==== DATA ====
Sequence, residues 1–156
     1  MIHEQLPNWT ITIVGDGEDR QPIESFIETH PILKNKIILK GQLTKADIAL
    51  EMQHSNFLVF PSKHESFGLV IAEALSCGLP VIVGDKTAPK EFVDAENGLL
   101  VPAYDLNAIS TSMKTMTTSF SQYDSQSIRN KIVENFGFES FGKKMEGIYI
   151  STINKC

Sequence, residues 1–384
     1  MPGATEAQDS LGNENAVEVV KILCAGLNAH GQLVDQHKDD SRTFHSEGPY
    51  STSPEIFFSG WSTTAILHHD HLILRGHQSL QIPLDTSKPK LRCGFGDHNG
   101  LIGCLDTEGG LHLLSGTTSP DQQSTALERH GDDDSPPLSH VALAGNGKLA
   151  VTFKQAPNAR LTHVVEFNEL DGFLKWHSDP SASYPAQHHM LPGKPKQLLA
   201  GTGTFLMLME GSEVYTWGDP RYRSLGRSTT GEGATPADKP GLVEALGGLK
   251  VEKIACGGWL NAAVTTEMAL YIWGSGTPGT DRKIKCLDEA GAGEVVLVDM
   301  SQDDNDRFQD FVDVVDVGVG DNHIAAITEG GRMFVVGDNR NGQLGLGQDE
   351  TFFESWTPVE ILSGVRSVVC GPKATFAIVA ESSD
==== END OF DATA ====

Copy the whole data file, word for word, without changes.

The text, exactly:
Sequence, residues 1–156
     1  MIHEQLPNWT ITIVGDGEDR QPIESFIETH PILKNKIILK GQLTKADIAL
    51  EMQHSNFLVF PSKHESFGLV IAEALSCGLP VIVGDKTAPK EFVDAENGLL
   101  VPAYDLNAIS TSMKTMTTSF SQYDSQSIRN KIVENFGFES FGKKMEGIYI
   151  STINKC

Sequence, residues 1–384
     1  MPGATEAQDS LGNENAVEVV KILCAGLNAH GQLVDQHKDD SRTFHSEGPY
    51  STSPEIFFSG WSTTAILHHD HLILRGHQSL QIPLDTSKPK LRCGFGDHNG
   101  LIGCLDTEGG LHLLSGTTSP DQQSTALERH GDDDSPPLSH VALAGNGKLA
   151  VTFKQAPNAR LTHVVEFNEL DGFLKWHSDP SASYPAQHHM LPGKPKQLLA
   201  GTGTFLMLME GSEVYTWGDP RYRSLGRSTT GEGATPADKP GLVEALGGLK
   251  VEKIACGGWL NAAVTTEMAL YIWGSGTPGT DRKIKCLDEA GAGEVVLVDM
   301  SQDDNDRFQD FVDVVDVGVG DNHIAAITEG GRMFVVGDNR NGQLGLGQDE
   351  TFFESWTPVE ILSGVRSVVC GPKATFAIVA ESSD